‘The Basketball Game.’
Photojournalist Ron Tarver spent years photographing people largely ignored in mythic depictions of white cowboys and the American West.
Jeanette W. Jones holds the September 1957 issue of Ebony magazine, which features the article ‘Mystery People of Baltimore: Neither red, nor black, nor white. Strange ‘Indian’ tribe lives in world of its own.’ She is pictured at center, with her hand on her hip.
Photo Sean Scheidt; author provided
Two Lumbee scholars who have mined local archives in search of tribal history raise the profound question: Who has the rights to memories and artifacts of their people's past?
New York City has closed some streets to traffic to give residents more room to roam during the coronavirus pandemic, Queens, May 13, 2020.
Johannes Eisele/AFP via Getty Images
For centuries, disease outbreaks have forced cities to transform physically and operationally in ways that ultimately benefited all residents going forward.
Sen. Mitt Romney, R-Utah, at a Senate GOP lunch meeting on March 20, 2020, to discuss the ‘phase 3’ coronavirus stimulus bill.
Getty/ Drew Angerer
Today's coronavirus pandemic has echoes in the yellow fever pandemic of the 1790s. Then, as now, workers struggled with how to support themselves and their families. One federal agency had the answer.
A stairwell in the Bronx is the site of one of the movie’s most memorable scenes.
Like the 'Rocky Steps,' the 'Joker Stairs' have become a mecca for moviegoers. But not all film-related tourism is the same.
Detroit People’s Food Co-op, opening later this year in a food desert, is an example of a community-driven project.
Prodded by Michelle Obama and other government leaders, Walmart and other major US retailers vowed to build hundreds of stores in food deserts. What happened?
Philadelphia WikiSalon May.
Avery Jensen at Wikimedia Commons
While most Wikipedia editors are volunteers, some are employed by Wikipedia. The Science History Institute's Mary Mark Ockerbloom offers insight into the "Wikipedian in residence" program.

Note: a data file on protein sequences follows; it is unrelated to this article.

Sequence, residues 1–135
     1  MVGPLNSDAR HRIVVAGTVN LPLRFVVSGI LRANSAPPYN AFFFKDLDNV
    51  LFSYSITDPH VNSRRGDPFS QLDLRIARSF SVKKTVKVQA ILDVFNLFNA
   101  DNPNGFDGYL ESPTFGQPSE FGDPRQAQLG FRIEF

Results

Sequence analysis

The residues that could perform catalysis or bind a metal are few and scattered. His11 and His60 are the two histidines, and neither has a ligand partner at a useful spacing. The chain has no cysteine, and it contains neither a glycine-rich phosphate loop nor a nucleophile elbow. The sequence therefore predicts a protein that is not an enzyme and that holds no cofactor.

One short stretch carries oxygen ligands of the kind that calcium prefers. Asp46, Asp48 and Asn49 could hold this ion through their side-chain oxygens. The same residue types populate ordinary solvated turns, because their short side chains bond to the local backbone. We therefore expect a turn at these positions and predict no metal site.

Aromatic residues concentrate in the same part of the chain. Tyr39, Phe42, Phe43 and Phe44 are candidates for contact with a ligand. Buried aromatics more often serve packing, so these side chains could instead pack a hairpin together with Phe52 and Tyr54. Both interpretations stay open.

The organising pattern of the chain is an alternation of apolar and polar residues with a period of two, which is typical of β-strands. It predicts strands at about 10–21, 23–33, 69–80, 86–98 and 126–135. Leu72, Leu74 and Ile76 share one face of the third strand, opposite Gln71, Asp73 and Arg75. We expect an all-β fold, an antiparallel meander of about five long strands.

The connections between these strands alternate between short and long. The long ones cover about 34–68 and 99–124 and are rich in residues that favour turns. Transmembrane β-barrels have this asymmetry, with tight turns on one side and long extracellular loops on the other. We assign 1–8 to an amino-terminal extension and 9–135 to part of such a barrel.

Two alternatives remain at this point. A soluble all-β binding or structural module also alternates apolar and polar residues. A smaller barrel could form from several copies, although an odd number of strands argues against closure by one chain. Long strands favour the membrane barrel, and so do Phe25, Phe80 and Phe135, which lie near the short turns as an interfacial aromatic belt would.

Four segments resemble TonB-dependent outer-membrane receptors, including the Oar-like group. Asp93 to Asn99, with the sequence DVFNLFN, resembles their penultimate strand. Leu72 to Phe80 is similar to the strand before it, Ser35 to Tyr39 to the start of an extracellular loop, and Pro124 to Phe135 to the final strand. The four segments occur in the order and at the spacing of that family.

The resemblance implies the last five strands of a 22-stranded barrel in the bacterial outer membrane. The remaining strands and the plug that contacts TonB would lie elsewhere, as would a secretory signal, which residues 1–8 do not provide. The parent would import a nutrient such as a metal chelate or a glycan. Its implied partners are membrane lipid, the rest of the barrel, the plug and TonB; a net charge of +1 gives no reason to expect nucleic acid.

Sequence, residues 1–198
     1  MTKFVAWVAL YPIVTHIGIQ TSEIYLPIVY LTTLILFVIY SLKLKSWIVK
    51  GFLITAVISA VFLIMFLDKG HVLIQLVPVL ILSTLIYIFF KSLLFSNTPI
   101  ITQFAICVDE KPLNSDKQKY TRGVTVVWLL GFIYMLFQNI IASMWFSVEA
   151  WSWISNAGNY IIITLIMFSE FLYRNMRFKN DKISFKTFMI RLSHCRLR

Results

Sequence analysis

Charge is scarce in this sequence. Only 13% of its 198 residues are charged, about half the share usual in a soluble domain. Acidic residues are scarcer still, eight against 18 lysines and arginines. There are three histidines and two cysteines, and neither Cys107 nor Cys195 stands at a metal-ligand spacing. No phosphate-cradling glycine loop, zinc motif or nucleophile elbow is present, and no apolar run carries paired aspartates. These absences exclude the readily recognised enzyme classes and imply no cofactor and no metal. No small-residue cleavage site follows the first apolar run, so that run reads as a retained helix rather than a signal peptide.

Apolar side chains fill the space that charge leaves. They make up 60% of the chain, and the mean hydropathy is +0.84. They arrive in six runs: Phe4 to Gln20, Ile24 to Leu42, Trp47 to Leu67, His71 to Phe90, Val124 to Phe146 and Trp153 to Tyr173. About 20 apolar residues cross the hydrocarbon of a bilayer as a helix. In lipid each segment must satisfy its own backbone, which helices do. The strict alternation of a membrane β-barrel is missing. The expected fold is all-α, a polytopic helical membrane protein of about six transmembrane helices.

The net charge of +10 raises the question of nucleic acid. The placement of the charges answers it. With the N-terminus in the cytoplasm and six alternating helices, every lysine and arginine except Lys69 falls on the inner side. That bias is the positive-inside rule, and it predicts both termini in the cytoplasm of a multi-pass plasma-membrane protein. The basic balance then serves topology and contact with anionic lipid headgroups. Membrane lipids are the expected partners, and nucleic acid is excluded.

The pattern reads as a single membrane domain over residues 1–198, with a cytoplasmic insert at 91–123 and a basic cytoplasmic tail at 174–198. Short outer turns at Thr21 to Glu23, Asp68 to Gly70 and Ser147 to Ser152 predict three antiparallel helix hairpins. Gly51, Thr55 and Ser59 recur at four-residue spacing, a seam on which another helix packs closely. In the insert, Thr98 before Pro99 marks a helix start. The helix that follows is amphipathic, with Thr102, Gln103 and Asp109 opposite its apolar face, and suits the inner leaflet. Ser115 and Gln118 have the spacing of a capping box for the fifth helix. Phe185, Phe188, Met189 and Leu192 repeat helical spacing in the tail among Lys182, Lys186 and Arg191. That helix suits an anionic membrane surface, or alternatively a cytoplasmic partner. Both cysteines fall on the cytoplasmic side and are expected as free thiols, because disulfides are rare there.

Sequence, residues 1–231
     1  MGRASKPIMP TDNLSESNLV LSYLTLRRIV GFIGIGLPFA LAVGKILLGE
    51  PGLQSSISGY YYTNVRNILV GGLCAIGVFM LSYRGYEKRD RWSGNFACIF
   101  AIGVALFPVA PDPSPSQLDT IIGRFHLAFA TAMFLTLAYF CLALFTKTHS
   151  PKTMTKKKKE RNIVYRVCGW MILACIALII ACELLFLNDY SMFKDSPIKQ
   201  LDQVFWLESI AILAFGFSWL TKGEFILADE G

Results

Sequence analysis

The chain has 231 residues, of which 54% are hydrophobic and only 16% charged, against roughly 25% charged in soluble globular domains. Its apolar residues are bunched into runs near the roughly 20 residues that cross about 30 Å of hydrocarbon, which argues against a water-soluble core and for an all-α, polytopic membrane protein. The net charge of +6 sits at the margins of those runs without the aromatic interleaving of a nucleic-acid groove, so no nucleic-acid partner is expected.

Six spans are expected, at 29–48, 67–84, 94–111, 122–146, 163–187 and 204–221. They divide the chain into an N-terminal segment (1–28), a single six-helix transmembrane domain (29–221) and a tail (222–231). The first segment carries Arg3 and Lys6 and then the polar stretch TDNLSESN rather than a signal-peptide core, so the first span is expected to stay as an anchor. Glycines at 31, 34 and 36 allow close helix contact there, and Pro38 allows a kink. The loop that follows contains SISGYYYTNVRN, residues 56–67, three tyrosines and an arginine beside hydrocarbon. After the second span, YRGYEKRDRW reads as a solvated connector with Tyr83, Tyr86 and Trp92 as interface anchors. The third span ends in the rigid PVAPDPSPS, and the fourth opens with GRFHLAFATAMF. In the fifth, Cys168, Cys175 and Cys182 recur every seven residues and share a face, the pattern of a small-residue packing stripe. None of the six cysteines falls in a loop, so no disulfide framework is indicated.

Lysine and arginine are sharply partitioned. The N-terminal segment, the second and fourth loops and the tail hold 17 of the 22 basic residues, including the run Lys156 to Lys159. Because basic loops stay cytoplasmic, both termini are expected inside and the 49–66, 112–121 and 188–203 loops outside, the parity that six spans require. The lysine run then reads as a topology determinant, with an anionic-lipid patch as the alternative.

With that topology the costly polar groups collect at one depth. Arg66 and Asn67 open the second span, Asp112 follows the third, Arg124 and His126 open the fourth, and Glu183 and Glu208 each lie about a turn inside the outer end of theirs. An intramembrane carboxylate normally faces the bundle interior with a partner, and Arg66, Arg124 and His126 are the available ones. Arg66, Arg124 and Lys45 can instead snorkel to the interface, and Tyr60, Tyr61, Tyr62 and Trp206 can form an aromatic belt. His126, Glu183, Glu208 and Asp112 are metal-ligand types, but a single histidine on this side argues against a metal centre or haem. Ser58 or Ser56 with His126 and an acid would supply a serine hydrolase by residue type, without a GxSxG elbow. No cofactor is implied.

Throngs of Santa Barbara News-Press readers, rallying in 2006.
AP Photo/Michael A. Mariant
The health of American democracy could be at stake.
Cashless payment systems are not socially neutral. They discriminate against the ‘unbanked’.
As cashless societies become a reality, we're starting to see this technological revolution has a dark side.
Mural at Rockaway Brewing Company in Long Island City, Queens, New York, a longtime industrial and transportation hub that now is rapidly redeveloping.
AP Photo/Mark Lennihan
Many homes, parks and businesses in US cities stand on former manufacturing sites that may have left legacy hazardous wastes behind. A new book calls for more research into our urban industrial past.
A safety guard watches as parents walk with their children along a safe passage route on the first day of school in Chicago in 2013.
Following a fatal beating of a student, Chicago started a Safe Passage program in 2009 to ensure students get to and from school safely. Nine years on, how is it working?
America's gun violence debate is at a fever pitch – but it's part of a much deeper cultural reckoning.
A self-portrait of the artist Thomas Eakins, one of the most celebrated painters in American history.
National Academy Museum, New York
If we’re going to grasp what makes Eakins' art so tragically powerful, we should be honest about the man who made them – and the impulses that drove him.
Making things happen in Philadelphia
New research shows how cities are tackling the issues usually dealt with by states and the federal government
Will there be brotherly love in Philadelphia next September?
In late November, the Vatican confirmed that Pope Francis is going to visit the United States of America for the World Meeting of Families that will take place in Philadelphia at the end of September 2015…